Transformed and evolved food systems can help solve some of the world’s toughest problems, from climate change to resilient livelihoods, a new report launched at the World Economic Forum Annual Meeting 2023 said.
It said those countries are on a better footing to build a stronger economy.
The new WEF report, which presents case studies from seven key countries that show it is worth the risk to drive smart, coordinated investment in food systems, also identifies ‘repeatable models’ for businesses and policy-makers and a roadmap of priorities for countries to improve productivity, sustainability, and nutritional outcomes
According to the report, better livelihoods for a more inclusive set of people, greater nutritional security, and improved health, cause a lower impact on the climate and nature.
The report also offers insights into the actions and investments that can accelerate a country’s transition towards food systems that deliver a stronger economy, better livelihoods for a more inclusive set of people, greater nutritional security and improved health, while causing a lower impact on the climate and nature.
“Transforming food systems provide healthy and nutritious diets and dignified jobs for farmers and producers. This report shows how economic development with environmental protection supports communities in climate adaption and mitigation efforts,” said Gim Huay Neo, Managing Director of the World Economic Forum’s Centre for Nature and Climate.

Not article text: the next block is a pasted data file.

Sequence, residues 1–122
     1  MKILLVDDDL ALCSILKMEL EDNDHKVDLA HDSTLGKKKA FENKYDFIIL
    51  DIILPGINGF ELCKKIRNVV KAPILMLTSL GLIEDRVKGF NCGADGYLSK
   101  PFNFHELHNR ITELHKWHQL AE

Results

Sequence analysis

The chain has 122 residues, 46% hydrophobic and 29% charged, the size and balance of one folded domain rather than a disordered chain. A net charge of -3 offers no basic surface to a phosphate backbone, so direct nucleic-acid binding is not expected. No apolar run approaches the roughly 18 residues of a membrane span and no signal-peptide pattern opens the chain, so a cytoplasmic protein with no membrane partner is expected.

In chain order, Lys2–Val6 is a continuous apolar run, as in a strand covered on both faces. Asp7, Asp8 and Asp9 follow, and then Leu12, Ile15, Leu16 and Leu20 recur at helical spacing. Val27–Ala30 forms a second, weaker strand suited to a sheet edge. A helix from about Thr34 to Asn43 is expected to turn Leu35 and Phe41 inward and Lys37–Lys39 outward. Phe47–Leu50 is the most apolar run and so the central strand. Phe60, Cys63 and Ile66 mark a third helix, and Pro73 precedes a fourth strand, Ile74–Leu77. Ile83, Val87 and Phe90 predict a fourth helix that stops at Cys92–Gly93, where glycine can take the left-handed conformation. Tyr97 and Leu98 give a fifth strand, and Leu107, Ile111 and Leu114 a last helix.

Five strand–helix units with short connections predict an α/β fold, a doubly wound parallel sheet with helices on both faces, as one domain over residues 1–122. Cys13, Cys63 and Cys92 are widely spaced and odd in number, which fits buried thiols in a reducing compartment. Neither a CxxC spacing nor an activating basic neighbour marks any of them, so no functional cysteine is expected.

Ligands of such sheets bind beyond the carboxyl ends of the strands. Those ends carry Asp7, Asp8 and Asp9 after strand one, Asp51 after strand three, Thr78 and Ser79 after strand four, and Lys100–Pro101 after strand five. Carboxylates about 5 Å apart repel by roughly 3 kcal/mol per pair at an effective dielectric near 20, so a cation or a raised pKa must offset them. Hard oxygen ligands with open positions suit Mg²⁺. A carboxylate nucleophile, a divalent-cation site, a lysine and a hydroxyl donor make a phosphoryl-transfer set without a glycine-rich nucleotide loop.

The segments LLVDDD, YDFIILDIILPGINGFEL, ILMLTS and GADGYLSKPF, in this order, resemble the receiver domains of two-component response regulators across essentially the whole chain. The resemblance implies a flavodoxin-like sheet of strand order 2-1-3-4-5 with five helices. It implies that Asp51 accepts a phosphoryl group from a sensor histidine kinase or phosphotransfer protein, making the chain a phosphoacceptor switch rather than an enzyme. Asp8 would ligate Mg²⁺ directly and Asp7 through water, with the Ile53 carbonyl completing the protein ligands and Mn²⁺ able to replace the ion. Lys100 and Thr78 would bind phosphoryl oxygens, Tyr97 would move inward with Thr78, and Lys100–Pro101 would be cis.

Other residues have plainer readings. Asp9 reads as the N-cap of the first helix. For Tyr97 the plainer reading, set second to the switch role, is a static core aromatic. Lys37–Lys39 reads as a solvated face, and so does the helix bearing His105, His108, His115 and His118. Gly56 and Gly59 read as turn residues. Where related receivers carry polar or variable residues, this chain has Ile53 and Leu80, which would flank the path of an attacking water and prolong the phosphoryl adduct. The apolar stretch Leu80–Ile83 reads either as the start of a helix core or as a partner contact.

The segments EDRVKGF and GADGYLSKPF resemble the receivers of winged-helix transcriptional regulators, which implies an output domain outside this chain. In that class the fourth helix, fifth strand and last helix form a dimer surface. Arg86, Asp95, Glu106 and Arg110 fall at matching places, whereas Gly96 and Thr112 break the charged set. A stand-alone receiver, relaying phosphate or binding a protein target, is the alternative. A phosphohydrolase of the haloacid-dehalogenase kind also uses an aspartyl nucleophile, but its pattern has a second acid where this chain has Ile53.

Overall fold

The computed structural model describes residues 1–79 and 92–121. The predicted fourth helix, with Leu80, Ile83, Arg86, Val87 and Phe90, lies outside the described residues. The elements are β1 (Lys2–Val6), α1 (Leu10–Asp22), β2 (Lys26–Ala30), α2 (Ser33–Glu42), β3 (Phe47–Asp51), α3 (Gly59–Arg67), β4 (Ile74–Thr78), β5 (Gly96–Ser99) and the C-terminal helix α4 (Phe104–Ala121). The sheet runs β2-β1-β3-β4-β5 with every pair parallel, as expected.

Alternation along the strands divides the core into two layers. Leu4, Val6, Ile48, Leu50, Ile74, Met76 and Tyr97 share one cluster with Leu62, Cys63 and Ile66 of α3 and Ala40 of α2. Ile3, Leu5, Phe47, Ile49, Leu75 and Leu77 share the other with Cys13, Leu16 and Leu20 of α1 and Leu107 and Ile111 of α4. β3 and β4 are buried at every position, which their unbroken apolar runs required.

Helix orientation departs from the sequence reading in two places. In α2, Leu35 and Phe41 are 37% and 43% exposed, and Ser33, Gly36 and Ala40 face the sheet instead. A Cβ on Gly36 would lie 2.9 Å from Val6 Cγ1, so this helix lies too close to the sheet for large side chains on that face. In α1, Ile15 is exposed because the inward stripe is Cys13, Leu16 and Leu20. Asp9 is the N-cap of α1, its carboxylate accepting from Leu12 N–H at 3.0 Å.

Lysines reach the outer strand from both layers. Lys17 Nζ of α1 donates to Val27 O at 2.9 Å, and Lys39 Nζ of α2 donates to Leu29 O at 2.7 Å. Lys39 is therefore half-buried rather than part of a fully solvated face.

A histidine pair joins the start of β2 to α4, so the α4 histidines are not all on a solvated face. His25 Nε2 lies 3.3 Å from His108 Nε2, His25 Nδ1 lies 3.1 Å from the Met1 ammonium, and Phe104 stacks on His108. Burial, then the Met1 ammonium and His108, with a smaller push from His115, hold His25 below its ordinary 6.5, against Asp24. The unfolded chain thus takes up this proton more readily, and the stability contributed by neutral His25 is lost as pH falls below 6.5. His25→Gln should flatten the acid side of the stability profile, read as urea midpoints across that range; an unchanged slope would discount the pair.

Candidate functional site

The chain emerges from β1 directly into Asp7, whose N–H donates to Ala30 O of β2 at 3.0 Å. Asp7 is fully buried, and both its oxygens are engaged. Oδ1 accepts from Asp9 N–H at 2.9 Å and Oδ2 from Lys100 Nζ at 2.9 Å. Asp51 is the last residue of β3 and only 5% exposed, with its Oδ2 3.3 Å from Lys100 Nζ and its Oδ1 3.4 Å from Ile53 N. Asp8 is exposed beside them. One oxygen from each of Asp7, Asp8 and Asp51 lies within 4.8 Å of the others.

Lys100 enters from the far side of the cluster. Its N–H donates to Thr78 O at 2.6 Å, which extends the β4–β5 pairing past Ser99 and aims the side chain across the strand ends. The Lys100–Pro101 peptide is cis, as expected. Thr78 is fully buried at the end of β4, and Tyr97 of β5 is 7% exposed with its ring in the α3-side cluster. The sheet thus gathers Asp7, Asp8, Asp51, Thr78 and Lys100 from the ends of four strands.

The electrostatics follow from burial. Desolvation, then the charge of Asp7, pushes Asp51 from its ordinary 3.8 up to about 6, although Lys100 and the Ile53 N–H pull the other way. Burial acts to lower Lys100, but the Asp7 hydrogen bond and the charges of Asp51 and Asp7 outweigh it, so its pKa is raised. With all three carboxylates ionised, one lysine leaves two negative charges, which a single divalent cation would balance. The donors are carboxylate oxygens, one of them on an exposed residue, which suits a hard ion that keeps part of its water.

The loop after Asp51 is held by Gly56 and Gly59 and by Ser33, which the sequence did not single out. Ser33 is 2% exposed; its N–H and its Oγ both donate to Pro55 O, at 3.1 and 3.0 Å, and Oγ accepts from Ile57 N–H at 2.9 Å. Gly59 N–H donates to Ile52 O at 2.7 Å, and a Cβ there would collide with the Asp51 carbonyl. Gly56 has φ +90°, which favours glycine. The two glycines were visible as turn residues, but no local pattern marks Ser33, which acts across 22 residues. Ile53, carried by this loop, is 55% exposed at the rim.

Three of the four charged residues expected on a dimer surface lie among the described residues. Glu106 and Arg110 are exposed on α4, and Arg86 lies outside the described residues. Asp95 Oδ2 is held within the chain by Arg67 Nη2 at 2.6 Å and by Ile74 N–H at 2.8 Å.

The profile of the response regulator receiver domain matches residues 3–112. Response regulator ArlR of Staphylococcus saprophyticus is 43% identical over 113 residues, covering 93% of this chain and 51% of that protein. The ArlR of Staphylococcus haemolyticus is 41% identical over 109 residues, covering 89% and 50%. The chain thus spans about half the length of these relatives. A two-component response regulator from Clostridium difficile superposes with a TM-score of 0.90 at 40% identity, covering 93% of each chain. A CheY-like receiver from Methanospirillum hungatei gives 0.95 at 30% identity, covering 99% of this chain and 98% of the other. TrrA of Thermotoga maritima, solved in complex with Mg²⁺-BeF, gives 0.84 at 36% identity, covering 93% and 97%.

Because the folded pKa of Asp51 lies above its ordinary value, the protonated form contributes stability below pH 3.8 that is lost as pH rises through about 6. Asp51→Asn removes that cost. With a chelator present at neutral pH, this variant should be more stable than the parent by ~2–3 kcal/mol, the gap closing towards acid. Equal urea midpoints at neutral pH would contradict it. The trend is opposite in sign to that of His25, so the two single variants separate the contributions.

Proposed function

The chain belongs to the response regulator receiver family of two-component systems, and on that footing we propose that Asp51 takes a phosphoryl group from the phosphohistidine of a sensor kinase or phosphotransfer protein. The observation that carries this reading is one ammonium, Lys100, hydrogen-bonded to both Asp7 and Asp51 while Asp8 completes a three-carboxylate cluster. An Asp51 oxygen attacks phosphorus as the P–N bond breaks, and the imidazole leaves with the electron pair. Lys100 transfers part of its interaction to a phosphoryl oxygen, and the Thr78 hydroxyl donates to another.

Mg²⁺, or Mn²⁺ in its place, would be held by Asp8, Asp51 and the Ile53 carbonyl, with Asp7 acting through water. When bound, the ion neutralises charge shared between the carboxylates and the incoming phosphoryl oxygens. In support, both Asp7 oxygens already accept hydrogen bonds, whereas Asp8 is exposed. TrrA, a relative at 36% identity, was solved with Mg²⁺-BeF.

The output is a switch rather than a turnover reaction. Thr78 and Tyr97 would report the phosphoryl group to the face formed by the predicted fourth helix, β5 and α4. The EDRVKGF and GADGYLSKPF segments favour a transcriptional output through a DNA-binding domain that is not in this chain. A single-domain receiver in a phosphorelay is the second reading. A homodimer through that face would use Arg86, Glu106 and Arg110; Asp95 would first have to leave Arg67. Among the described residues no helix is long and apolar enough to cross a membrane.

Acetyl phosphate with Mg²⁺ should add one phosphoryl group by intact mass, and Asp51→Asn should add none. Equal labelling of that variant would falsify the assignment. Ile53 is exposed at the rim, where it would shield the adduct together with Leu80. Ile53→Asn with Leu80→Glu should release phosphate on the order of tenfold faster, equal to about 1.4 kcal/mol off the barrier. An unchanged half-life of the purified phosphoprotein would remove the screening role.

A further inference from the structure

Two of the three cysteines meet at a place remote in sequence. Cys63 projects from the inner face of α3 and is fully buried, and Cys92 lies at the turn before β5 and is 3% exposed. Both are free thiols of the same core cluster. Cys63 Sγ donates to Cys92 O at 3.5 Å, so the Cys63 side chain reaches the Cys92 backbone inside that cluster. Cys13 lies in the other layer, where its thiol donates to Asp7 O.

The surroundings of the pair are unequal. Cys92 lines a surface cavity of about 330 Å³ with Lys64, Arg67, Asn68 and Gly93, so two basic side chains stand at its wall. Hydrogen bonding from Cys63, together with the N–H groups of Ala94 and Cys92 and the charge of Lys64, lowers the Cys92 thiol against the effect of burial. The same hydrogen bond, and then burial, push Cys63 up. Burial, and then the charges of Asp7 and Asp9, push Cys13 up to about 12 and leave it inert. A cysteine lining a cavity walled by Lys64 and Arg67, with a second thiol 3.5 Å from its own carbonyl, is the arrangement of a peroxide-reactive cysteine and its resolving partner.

The report gives insight into “repeatable models” from seven “early mover” countries in Africa, Asia, the Americas, and Europe whose performance has been comparatively strong and whose examples and lessons are widely relevant.
Their stories of transformation identify common, repeatable elements, including the most critical actions and investments for driving change and how they should be coordinated.
According to Maximo Torero Cullen, Chief Economist at the UN Food and Agriculture Organization (FAO), scaling up climate resilience and strengthening our food environment to promote healthy diets are two key interventions with positive impacts on food security, nature, and health.
“When food fails, everything fails,” added Geraldine Matchett, Co-Chief Executive Officer and Chief Financial Officer of Royal DSM, and Co-Chair of the CEO Alliance on Food, Nature, and Health.
Ghana, India, and Viet Nam have been able to evolve their food systems to improve a broader set of outcomes by unlocking the potential of small and medium-sized enterprises, particularly those that are farmer-allied and operating in local food chains.
Countries can also use innovation to improve productivity, sustainability, and nutritional outcomes, as demonstrated in Algeria.
The African country has improved food security in the face of significant constraints on water availability. Viet Nam has sustainably intensified its rice production.
Countries like Canada and New Zealand illustrate how to scale up the adoption of nature-positive and climate-smart food production, particularly focusing on the case for economic advantage for producers.